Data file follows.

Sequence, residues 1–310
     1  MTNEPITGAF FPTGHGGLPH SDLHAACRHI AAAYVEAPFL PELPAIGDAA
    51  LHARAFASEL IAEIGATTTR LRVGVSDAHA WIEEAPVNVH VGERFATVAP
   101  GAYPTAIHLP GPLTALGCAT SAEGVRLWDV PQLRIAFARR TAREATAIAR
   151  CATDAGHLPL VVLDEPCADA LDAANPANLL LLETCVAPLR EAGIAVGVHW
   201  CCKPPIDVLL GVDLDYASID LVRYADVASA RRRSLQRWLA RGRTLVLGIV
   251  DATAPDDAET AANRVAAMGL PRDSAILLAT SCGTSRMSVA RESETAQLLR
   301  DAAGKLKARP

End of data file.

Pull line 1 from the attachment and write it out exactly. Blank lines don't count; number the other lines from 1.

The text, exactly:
Sequence, residues 1–310